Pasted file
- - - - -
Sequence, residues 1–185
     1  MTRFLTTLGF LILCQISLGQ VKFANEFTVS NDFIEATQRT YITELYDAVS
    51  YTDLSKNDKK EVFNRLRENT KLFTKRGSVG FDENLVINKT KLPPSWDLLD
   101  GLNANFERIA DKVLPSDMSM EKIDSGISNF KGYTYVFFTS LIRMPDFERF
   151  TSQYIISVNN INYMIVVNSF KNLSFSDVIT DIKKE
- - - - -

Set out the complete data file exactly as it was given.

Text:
Sequence, residues 1–185
     1  MTRFLTTLGF LILCQISLGQ VKFANEFTVS NDFIEATQRT YITELYDAVS
    51  YTDLSKNDKK EVFNRLRENT KLFTKRGSVG FDENLVINKT KLPPSWDLLD
   101  GLNANFERIA DKVLPSDMSM EKIDSGISNF KGYTYVFFTS LIRMPDFERF
   151  TSQYIISVNN INYMIVVNSF KNLSFSDVIT DIKKE